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EXCLUSIVE: Taliban chief hides in Pakistan
Question of the Day
Mohammed, who was captured by the CIA with ISI help in Pakistan in 2003, was sent to the detention facility at U.S. Naval Base Guantanamo Bay, Cuba, and is now set to go on trial in New York. In 2007, at a closed military hearing at Guantanamo, he confessed that he personally beheaded Mr. Pearl, a Wall Street Journal reporter.
Pakistani officials said they were perplexed by the U.S. reports regarding Mullah Omar and denied that the ISI had facilitated a move by the Quetta shura to Karachi.
Nadeem Kiani, a spokesman for the Pakistani Embassy in Washington, said the U.S. has not provided Pakistan with any credible intelligence regarding Mullah Omar’s whereabouts.
“We have no evidence of his presence in Pakistan,” Mr. Kiani said. “If anybody in the U.S. government knows of any Quetta shura or Karachi shura, why don’t they share that intelligence with Pakistan so we can take care of the issue ourselves? We have not been made aware of any presence of Mullah Omar in the region.”
He said the ISI and Pakistani military have “suffered a lot of losses fighting the terrorists” and that “people who are making these accusations have their own agendas.”
“Our forces are fighting the Taliban in Waziristan and other areas,” he said. “The terrorists are now killing and targeting innocent people in Pakistani cities. ISI is a very professional intelligence agency and these allegations are baseless.”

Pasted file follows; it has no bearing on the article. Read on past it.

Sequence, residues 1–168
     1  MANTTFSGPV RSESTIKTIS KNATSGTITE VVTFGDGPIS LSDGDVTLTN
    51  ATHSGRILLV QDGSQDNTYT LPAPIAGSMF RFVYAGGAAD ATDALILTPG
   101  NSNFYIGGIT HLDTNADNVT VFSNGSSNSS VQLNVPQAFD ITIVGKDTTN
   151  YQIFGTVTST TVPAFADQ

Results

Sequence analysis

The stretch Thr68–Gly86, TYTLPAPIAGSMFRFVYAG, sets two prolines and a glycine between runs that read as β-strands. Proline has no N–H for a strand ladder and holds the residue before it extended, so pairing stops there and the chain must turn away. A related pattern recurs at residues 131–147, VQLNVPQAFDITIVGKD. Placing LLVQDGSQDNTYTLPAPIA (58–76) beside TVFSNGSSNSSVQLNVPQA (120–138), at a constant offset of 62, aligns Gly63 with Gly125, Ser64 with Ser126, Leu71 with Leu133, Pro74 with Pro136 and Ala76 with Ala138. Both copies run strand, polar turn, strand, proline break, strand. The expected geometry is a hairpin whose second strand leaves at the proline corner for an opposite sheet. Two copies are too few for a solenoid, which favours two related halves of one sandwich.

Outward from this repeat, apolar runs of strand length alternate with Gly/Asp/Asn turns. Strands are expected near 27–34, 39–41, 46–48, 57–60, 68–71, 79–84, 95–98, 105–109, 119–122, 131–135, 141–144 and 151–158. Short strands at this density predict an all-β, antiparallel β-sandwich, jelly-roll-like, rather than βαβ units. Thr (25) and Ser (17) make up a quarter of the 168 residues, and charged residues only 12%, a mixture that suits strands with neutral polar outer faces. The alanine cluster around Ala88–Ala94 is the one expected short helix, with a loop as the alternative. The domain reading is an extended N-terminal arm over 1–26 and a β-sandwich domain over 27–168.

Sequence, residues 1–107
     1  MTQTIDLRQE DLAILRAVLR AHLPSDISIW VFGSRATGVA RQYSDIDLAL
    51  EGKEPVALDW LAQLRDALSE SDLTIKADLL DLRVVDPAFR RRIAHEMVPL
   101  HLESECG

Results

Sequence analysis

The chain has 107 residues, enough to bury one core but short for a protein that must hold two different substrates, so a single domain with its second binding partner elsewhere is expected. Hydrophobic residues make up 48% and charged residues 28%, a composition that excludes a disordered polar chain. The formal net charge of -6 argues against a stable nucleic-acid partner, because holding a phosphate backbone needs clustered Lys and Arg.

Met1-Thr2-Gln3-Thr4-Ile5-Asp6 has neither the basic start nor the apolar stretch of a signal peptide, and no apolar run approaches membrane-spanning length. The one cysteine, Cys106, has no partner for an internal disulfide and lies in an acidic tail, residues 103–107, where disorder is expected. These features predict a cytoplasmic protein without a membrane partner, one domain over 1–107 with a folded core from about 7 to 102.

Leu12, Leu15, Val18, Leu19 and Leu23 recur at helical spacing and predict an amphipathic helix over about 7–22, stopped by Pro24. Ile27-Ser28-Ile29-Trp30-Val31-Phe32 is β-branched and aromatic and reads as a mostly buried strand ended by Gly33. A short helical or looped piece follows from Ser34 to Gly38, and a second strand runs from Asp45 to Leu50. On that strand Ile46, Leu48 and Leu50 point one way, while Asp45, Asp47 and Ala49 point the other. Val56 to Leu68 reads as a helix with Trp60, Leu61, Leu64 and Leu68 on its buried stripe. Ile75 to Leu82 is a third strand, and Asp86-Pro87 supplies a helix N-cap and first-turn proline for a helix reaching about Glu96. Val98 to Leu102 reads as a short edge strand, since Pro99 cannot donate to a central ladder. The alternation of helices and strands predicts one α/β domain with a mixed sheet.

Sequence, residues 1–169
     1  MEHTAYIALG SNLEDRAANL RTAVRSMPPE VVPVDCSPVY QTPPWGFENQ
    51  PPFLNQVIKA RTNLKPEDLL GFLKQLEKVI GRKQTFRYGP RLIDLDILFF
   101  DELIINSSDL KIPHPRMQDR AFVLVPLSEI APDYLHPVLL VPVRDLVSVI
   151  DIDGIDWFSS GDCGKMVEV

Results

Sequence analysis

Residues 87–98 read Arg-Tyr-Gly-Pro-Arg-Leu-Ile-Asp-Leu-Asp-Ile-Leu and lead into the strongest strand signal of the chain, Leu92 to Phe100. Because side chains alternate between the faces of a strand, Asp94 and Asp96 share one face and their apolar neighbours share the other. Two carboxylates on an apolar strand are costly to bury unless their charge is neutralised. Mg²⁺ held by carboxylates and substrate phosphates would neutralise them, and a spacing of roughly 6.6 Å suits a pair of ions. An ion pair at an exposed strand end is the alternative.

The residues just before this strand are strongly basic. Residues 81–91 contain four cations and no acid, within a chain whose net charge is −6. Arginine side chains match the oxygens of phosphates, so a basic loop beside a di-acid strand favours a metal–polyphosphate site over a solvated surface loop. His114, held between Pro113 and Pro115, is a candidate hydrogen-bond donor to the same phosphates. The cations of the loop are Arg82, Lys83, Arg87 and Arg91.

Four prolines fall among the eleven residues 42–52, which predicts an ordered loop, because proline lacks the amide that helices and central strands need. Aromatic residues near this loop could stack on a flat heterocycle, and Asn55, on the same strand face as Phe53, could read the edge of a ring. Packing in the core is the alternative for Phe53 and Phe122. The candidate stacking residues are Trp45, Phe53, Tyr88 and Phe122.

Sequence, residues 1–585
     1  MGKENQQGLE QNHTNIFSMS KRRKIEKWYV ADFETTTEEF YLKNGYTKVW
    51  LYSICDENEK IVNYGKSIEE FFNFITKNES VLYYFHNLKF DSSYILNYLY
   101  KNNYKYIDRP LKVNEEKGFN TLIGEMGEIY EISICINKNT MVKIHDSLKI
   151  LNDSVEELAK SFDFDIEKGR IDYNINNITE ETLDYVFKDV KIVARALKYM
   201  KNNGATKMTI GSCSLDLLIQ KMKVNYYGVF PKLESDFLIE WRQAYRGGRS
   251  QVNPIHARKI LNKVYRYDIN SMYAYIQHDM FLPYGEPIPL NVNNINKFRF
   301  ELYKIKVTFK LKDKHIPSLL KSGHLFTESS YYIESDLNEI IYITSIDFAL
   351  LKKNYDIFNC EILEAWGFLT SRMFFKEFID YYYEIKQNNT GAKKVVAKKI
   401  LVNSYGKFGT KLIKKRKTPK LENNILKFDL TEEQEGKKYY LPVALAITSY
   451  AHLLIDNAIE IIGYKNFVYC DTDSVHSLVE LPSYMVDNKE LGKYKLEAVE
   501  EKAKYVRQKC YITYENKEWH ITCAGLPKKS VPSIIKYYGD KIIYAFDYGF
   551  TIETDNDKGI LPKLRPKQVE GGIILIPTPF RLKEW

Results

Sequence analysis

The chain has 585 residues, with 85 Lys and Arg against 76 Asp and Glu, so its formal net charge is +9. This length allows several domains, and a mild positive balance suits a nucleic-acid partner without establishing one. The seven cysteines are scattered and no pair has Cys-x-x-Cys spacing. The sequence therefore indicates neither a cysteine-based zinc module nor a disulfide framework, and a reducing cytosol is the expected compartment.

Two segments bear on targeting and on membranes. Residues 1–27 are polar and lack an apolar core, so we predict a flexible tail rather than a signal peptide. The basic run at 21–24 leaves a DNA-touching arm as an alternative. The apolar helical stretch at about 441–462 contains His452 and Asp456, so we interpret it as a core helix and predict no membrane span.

Mr. Kiani added that the U.S. and Pakistan have “24-hour intelligence sharing.”
Another Pakistani official, who spoke on the condition of anonymity because of the nature of his work, told The Times, “If Pakistan is made aware of the allegations and we do nothing, then the U.S. will know who to blame. Pakistan can take action with credible information.
“But to shift the blame on Pakistan and the security forces because Afghanistan is becoming more of a problem is not going to be helpful but have a demoralizing effect on the situation both here and there,” he said.
Mary Habeck, a professor and analyst on radical Islam at Johns Hopkins University’s School of Advanced International Studies, said the reported move “suggests the Afghan Taliban and the Pakistani Taliban are one and the same thing.”
She said that it also “shows the Taliban are not the marginalized group we have been saying they are. They can move into a major city in Pakistan and believe they are safe there.”
By Tom Harris and Madhav Khandekar
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